What does Norman Baker’s exit from the Home Office tell us about the coalition? In many ways, the situation in that department was quite unlike any other, but if another Lib Dem does fancy going in a blaze of fury, then Justice Minister Simon Hughes was assigned to his department for similar trouble-making reasons, and apparently ranks second in the great league table of problematic coalition relationships. But Norman Baker was sent in to antagonise a Home Secretary notorious for micromanaging ministers from her own party, let alone those from another. As Damian Green pointed out on the Today programme, Baker had told his local paper he was the ‘Lib Dem Home Secretary’ and had acted accordingly once installed in the department.
Green was deliciously biting about Baker in his interview, saying in a polite and kindly tone that ‘he was a guitarist who was only interested in his own solos while the rest of the band was trying to play a close harmony number’. But this was all part of Nick Clegg’s plan: to make the disagreements of coalition more obvious by sending in troublesome junior ministers who couldn’t help but annoy their Secretaries of State. That the leader of a party which wants to show Coalition works has adopted such an aggressive strategy is intriguing. That he described Baker as ‘brilliant’ once the man had resigned is more intriguing still.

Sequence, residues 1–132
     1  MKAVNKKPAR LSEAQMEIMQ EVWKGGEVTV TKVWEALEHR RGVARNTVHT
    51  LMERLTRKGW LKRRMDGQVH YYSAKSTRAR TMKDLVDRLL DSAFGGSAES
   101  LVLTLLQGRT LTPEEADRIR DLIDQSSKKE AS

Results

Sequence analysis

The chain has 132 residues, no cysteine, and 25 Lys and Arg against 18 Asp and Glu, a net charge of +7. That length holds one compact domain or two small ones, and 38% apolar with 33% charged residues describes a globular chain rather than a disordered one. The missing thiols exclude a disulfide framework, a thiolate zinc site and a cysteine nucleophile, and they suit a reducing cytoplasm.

What is a minister supposed to do? Is he or she supposed to do what most Lib Dems manage, and what Baker did appear to manage at Transport and just get on with the job, or take a more public role than many Conservative ministers of equivalent rank and mouth off about their Coalition colleague in public? Clegg clearly thinks the latter, at least for the next few months.